The Bible says, “Cast all your anxiety on him because he cares for you (1 Peter 5:7).  Casting is an intentional act to relocate an object. As you sense anxiety welling up inside you, cast it in the direction of Christ.  He is moved by the sincere request.  After all, is he not our Father?

Read more Anxious for Nothing: Finding Calm in a Chaotic World

For more inspirational messages please visit Max Lucado.


Denison Forum – ‘Secret group of scientists and billionaires’ working to ‘stop COVID-19’: The transformative power of unity


The Wall Street Journal broke the story that is now making headlines everywhere: “The Secret Group of Scientists and Billionaires Pushing a Manhattan Project for Covid-19.”

They call themselves “Scientists to Stop Covid-19.” Their group includes chemical biologists, an immunobiologist, a neurobiologist, a chronobiologist, an oncologist, a gastroenterologist, an epidemiologist, and a nuclear scientist. Biologist Michael Rosbash, a 2017 Nobel Prize winner, says that of all the scientists at the center of the project, “There’s no question that I’m the least qualified.”

Their work had not been reported before the Journal article. They are led by a thirty-three-year-old physician-turned-venture capitalist named Tom Cahill. He lives in a one-bedroom rental near Boston’s Fenway Park and owns just one suit. But his connections through his investment firm have made the group’s work possible.

The article describes scientific proposals from the group that are already being discussed or implemented by government leaders. They are now looking at ideas for the post-COVID-19 world.

No one involved with the effort stands to gain financially. Their desire is to add their expertise and connections to the coronavirus battle effort. Stuart Schreiber, a Harvard University chemist and member of the group, says, “We may fail. But if it succeeds, it could change the world.”

A teleconference that impressed me greatly 

One of the most hopeful aspects of the pandemic is the fact that the entire world is united in fighting it. Our best minds from around the globe are focused on our common foe. Unlike a war in which nations fight each other, this is a conflict in which our enemy has made us all allies.

We are seeing such collaboration not just in science but across our nation and culture. This is one way God is redeeming this crisis.

Jesus prayed in John 17 that his followers would be united “so that the world may know that you sent me and loved them even as you loved me” (v. 23). As the body of Christ (1 Corinthians 12:27), we obey our head and fulfill his purpose far better when our members are working in unity.

I was asked this week to join a teleconference of Houston-area religious leaders. They crossed all denominational and cultural boundaries. Their common desire was to support and encourage each other as they sought ways to move forward together.

One example that impressed me was their concern for smaller churches meeting in area schools. These schools are closed into the summer, meaning that these congregations will have no place to meet once in-person services begin. So the larger churches began working on ways the smaller churches could use their campuses.

I am convinced that Jesus was smiling in heaven.

Competition and intercession 

Our free-market economy is based on competition. The theory is that the more companies and workers compete, the better their products become and the lower their prices. By contrast, I have seen the state-sponsored economy work in Cuba—or not work, I should say. When people own what they make and can advance based on their hard work and initiative, society benefits.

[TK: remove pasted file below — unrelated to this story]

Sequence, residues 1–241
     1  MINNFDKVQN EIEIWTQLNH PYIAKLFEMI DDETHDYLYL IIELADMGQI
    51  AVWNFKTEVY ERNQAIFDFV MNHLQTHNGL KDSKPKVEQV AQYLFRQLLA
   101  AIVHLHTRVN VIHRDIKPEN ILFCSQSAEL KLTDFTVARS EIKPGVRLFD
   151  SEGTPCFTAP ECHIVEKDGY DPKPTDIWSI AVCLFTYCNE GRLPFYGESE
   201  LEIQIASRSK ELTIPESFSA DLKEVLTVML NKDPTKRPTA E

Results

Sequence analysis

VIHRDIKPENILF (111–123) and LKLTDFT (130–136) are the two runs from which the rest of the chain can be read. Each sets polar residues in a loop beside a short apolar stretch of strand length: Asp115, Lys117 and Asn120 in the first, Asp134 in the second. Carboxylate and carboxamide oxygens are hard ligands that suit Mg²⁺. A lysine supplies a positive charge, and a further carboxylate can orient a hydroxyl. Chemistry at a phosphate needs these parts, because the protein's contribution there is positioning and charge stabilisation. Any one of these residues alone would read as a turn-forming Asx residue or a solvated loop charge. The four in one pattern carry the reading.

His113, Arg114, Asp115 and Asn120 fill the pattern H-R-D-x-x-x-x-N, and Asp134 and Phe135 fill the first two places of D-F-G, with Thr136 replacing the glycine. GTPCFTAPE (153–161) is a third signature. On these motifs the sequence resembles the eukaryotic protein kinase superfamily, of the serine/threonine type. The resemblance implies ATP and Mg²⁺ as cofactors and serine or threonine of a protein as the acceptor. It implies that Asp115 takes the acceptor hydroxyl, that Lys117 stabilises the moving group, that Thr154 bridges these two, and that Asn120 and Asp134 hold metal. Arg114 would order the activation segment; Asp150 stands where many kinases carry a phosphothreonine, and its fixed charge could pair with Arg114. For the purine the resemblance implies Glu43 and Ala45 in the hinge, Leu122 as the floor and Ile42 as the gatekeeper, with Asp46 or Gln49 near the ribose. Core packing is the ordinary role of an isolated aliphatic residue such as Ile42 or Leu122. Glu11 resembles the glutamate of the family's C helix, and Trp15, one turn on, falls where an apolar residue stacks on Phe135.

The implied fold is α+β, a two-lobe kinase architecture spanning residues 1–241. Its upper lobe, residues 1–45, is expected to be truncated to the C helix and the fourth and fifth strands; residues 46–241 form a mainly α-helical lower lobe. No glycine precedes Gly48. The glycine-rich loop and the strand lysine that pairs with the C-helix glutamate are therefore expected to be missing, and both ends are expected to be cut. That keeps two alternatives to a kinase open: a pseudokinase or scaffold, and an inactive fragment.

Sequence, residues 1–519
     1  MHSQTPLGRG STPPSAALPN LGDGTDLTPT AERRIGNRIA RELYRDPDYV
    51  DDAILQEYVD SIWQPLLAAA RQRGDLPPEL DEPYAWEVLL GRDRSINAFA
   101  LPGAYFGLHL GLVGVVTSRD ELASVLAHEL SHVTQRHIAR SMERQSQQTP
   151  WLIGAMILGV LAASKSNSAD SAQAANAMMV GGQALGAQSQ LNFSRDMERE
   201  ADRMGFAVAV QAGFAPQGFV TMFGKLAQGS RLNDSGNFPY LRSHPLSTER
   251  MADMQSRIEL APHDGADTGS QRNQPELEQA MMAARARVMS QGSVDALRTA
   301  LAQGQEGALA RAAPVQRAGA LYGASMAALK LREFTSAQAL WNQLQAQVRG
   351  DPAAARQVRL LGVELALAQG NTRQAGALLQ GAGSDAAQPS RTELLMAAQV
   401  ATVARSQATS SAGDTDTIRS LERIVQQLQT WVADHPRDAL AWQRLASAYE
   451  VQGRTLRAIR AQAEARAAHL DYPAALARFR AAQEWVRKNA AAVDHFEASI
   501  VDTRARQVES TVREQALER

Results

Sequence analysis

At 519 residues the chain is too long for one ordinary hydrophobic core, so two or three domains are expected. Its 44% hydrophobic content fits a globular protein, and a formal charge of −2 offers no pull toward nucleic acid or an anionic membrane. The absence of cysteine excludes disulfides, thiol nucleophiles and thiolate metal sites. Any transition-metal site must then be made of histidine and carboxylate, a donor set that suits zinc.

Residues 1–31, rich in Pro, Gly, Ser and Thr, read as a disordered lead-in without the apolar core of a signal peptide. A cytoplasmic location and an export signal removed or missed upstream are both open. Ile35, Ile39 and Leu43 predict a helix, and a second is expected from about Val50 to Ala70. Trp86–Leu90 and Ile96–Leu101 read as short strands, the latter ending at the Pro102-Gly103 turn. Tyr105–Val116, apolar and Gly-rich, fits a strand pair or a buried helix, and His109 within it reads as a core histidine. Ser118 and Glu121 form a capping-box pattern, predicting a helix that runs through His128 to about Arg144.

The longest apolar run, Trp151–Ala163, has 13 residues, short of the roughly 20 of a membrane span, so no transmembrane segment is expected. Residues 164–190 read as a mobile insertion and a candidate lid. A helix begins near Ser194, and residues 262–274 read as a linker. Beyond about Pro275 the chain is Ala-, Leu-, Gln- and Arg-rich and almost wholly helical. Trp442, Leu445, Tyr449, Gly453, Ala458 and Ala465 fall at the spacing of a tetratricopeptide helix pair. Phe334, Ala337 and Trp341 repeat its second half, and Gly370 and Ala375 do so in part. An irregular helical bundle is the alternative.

One downside of this competitive environment, however, is that it can so easily foster spiritual independence and conflict. Churches compete with churches for members. Pastors compete with pastors for acclaim and advancement. Church growth can be a zero-sum game: if the new family in our community joins your church, they did not join my church.

I have witnessed such competition across my entire ministry. But the common enemy we face today is being used by God to unify his people in transformative ways. The astounding evangelistic movement I profiled in yesterday’s Special Edition is one result of such collaboration. The pastors in Houston who discussed ways to help smaller congregations are another.

So, here’s my question: As we face the ongoing pandemic, could God’s people be united in prayer more powerfully and intentionally than ever before?

We have responded financially to crises in the past. For example, you were incredibly generous when I asked you to help us raise funds to support those devastated by Hurricane Harvey in my hometown of Houston.

As we face physical, financial, social, and relational challenges unseen in living memory, is there a better time for us to answer Jesus’ intercession for unity through united intercession of our own?

Find a movement and join it 

My purpose today is not to announce a prayer movement in response to the pandemic. God has led other believers to do this very thing. Some are centered on 2 Chronicles 7:14 and pray at 7:14 every morning and evening in response. Others are being supported by churches, denominations, and ministries.

The Lord might lead you to find and join such a movement. He might lead you to begin one. He might lead you to ask a handful of other believers to join you in specific intercession for each other and our world. Two believers in agreement are enough to pray in powerful unity (Matthew 18:20).

My purpose is to emphasize the urgency of prayerful unity today and tomorrow. Defeating our viral enemy will require medical and social collaboration. Defeating our even more dangerous spiritual enemy will require spiritual collaboration.

What step will you take to pray in unity today?